Provides a meditation on the sensual and spiritual aspects of gardening. McHatton believes gardening is an art-a method of expression analogous to sculpture or dance. He carefully dissects the delicate components of a garden, explaining how one can pinpoint the intricate and harmonious tastes, sounds, and odors flowing freely among the plants.
What could explain this explosion of bipolarity? Is it a legitimate diagnosis or the result of Big Pharma marketing? Exploring these questions, this title challenges the rise of 'bipolar' as a catch-all solution to complex problems, and argues that we need to rethink the highs and lows of mania and depression.
Young, talented, intelligent and with a thriving social life, on the surface Terri Cox had it all. But deep down in her mind a storm was brewing, and a series of life-changing events sent her spiralling into a full mental breakdown. Slowly but surely, she was able to fight back and find that shiny, happy person that she'd always been before.
From the heart and soul of lifelong mental health sufferer; Adam Shaw, combined with the expert mind of talented and leading psychologist; Lauren Callaghan, this book is cohesively divided into two parts. Detailed from the separate perspectives of a sufferer and a psychologist is an insight into mental health recovery that sufferers can relate to.
In A Series of Unfortunate Stereotypes, Lucy explores the different lenses through which she - and other people - have viewed her mental health problems. She tackles a number of different stereotypes placed on mentally ill people. In writing about her life in such an open way, Lucy has been able to claw herself back from the grips of her anxiety.
Bipolar? No one really knows what it is. Even today it's still misunderstood and badly affected by stigma. Ali Shaw was no different when she was diagnosed in 2009. Coming Clean is the story of one woman's triumph against Bipolar II and a no-holds-barred account of the reality that comes with the diagnosis.
'I loved this book.' Matt Haig, author of Reasons to Stay Alive and Notes On a Nervous Planet'Probably the best book on living with anxiety that I've ever read.' Mark Manson, author of The Subtle Art of Not Giving a F*ck If you have anxiety, this book is for you.
Using simple language, illustrations, humour and everyday examples, the author demonstrates how the science of epigenetics is revolutionizing our understanding of the link between mind and matter, and the profound effects it has on our personal lives and the collective life of our species.
Written by a teenager with dyspraxia, this practical guide helps young adults with dyspraxia and those around them get to grips with the social, physical and psychological chaos caused by developmental co-ordination disorders. The new edition of this award-winning book includes an update from the author on how dyspraxia affects her now as an adult.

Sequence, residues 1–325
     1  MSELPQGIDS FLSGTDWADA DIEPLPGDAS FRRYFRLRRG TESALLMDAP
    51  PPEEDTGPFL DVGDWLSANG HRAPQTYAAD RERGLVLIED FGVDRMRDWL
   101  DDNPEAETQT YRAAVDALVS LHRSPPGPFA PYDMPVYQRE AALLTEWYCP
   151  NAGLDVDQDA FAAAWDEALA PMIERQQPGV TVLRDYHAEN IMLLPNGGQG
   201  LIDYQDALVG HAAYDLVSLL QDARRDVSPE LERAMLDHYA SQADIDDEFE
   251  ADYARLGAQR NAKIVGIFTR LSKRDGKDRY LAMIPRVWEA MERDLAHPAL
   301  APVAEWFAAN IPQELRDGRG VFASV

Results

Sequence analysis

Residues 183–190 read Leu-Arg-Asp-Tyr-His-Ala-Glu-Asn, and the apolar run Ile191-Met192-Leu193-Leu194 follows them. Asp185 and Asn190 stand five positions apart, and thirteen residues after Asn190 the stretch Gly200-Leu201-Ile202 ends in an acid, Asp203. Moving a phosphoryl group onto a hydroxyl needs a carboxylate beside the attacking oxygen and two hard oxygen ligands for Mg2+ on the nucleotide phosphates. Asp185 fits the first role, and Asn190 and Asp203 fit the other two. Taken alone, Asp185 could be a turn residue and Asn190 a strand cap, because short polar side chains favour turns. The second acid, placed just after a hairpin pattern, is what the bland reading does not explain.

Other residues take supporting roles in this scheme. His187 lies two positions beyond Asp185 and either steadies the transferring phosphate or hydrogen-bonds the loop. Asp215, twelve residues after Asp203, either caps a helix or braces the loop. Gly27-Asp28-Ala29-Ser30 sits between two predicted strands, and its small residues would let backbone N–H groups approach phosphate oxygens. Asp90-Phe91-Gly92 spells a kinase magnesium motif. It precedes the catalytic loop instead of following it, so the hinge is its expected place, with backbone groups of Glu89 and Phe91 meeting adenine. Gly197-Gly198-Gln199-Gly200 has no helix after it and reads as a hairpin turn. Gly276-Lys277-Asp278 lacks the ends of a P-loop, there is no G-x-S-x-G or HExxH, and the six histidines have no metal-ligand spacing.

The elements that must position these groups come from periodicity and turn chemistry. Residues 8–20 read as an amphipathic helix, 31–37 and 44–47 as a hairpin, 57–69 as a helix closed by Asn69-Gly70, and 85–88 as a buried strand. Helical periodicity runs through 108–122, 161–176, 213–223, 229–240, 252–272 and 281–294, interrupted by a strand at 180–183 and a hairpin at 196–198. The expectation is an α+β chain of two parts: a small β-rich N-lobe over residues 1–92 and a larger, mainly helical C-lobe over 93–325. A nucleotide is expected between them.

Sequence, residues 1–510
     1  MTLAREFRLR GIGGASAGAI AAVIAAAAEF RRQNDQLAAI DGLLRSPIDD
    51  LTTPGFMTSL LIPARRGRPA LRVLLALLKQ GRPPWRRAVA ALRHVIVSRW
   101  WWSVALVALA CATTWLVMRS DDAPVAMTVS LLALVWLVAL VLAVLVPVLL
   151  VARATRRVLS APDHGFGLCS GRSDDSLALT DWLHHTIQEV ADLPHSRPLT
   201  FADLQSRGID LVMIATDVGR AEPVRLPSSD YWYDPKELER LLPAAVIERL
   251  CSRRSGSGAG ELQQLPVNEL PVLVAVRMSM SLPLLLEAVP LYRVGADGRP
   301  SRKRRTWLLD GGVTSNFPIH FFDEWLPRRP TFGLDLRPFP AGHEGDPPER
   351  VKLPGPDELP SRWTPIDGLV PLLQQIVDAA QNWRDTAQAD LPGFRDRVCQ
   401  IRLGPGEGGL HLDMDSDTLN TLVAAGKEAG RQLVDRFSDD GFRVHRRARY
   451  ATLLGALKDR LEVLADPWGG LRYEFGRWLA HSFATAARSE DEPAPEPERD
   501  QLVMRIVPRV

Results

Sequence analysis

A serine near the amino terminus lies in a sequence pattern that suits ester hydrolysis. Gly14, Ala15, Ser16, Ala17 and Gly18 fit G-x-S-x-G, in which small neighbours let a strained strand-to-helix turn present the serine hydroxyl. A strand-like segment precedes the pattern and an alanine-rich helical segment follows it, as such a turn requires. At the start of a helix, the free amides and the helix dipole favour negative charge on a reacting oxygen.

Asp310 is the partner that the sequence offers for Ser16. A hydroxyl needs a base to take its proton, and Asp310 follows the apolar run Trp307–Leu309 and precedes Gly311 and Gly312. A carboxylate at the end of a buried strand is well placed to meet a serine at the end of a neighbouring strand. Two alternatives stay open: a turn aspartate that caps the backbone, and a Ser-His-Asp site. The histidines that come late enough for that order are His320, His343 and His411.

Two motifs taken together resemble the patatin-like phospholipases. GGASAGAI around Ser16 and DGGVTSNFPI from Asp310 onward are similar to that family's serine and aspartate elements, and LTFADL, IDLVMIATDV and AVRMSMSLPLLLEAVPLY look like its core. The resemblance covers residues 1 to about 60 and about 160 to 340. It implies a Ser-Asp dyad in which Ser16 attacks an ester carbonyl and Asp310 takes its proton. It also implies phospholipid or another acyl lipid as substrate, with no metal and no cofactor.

This book offers key strategies for teaching dyspraxic learners in secondary and tertiary education. With practical teaching resources, covering key areas such as literacy, numeracy, memory and study skills, this book shows teachers how best to approach the physical and psychological needs of students with dyspraxia.
Few tasks are more important - and daunting - than to help someone who is suicidal to go beyond the darkness of hopelessness to the light of hope. This title provides fresh approaches to treating individuals and families where suicide is an issue. It is suitable for counselors and therapists.
Walking upright on two feet is a uniquely human skill. In this hymn to walking, neuroscientist Shane O'Mara invites us to marvel at the benefits it confers on our bodies and minds. Walking together to achieve a shared purpose is also a social glue that has contributed to our survival as a species.
Your go-to guide to a better life, starting with the way you thinkJoin 6 million readers around the world who have capitalised on the power of now First published in 1959, David J Schwartz's classic teachings are as powerful today as they were then.
Her timeless advice is as important and relevant today as when it was first published: we live in an era governed by fear - fear of failure, of missing out, of rejection, of the future, of change, of not fitting in, of intimacy, of being alone, of growing old ...
We look at our lives and wonder: Wasn't it all supposed to be more beautiful than this? We quickly silence that question, telling ourselves to be grateful, hiding our discontent - even from ourselves.For many years, Glennon Doyle denied her own discontent.